Thursday, April 15, 2010

Training for a Race by NOT Running: A Case Study

EDIT: updated with link to a CNN article about the runners and heart conditions

With the weather getting nicer on the East coast, more people are out doing the most common form of exercise: running. Some of these folks will do races ranging from your local town 5k to ultramarathons out west. On August 26, 2009, I decided to turn myself into a guinea pig. I decided to run a half marathon that was scheduled less than a month away. Not only that, but I decided that I would not run, unless the run came up in a workout at CrossFit King of Prussia. The day before the half marathon I totaled up the previous 30 days' worth of running: less than 6 miles. The next day I was supposed to run 13.1 miles non-stop?? What was I thinking? Not only did I finish, but I set a PR and was back to working out the next day, setting two more PRs in the gym. Here is a breakdown of what I did to prepare, how the race went, and what the days were like after. 

Robb Wolf: Paleolithic Solution Seminar

Any Paleo person worth their salt knows who Robb Wolf is. For those of you who don't, he's the owner of NorCal Strength and Conditioning and the average CrossFitter's authority on the Paleo Diet. He currently runs a blog and posts podcasts that offer great information. He also used to lead CrossFit's nutrition certifications, but has since taken to the road for his own seminars. I've been following Robb's work for about two years now, so when the opportunity came up to go to one of his seminars at CrossFit Hoboken, I jumped at the chance (along with four other members of CrossFit King of Prussia: Aimee, Evan, Laura, and Dave) Robb presented the 60 or so participants with a wealth of knowledge, both scientific and real case studies and we probably could have spent a week there just asking questions. While I'm not going to steal Robb's presentation, I do want to point out two major topics that are uber important, plus a peek at what future posts will be covering.

Thursday, April 8, 2010

Chasing the Rx

CrossFit prides itself on universal scalability – the ability to adapt any exercise to any person regardless of age, weight, disability, etc.  As a general physical preparedness (GPP) program, this is beneficial because it can assist anyone from an elite athlete looking to tweak their performance to an 80 year old looking to just get out of bed in the morning. Usually though, the very nature of timing workouts and recording scores will draw competitive people to CrossFit.  While this can be beneficial for us to push each other in a positive way, I believe it's very easy to fall into the trap of focusing solely on doing a workout as prescribed (Rx'd). While it is a great accomplishment to get “Rx” next to your name, we need to look at how you got there and if it is appropriate. If you're wondering why you've hit a plateau, or why you aren't progressing as fast as you want, this post is for you.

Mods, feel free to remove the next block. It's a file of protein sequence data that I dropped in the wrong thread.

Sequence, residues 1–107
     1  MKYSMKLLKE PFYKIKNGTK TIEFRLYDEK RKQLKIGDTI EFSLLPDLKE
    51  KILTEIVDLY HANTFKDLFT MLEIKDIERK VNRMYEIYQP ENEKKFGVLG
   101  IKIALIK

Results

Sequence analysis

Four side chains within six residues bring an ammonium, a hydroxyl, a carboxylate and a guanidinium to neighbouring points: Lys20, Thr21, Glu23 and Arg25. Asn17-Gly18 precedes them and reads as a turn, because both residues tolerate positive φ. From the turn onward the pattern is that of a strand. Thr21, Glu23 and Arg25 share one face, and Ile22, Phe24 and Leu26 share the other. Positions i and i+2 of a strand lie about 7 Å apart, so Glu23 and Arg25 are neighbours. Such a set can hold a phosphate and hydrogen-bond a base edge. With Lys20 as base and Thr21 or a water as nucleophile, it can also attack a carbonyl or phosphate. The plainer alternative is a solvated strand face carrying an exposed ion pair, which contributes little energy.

Tuesday, April 6, 2010

Food and Family

Even the Duggars might disagree on food and health

This past weekend a lot of families got together to celebrate Passover, Easter, spring break, or just nice weather. My family was no exception. My aunt just started CrossFit, so as we were talking about working out, the topic of food came up. Some of my family know about this blog, so they started asking questions on how to start eating healthy. Most of them do not CrossFit and are not familiar with words like "Paleo" or ideas like "grains are unhealthy." Trying to explain the basics made me remember that people are going to be on all levels of understanding when it comes to nutrition, but it was a good reminder. 

Thursday, April 1, 2010

How to Read Past the Fancy Labels

In an ideal world, you would have your meat and eggs come from a local farm, your fruits and veggies right from your backyard, and you would subsist from only these elements. In the real world, you probably don't have a farm that close and you don't have enough time to tend to your own garden, let alone have a climate to sustain an orange tree out back. So where do you get food? The next step would be a local farmer's market where they bring food from farms too far for you to drive, but not too far for them to get to a market. Or perhaps you belong to a Community Supported Agriculture (CSA) or to something like we do, a Farm Share Program. Still though, in a pinch you might have to run to the grocery store. You've probably heard of "shop around the perimeter" before, and for the most part, that's a good thing. But what's on the inside of that perimeter? Well, to be honest, it's a lot of junk full of sugar, high fructose corn syrup, and other nasty items (I'm not even going to call it "food.") But so much of it can be deceiving to people of all nutritional education backgrounds, so how can you read past the fancy labels? Recently I took a stroll through a well-known supermarket and snapped away with my phone so we can take a look at some of the more popular ways stores and brands try to get you to buy their product.

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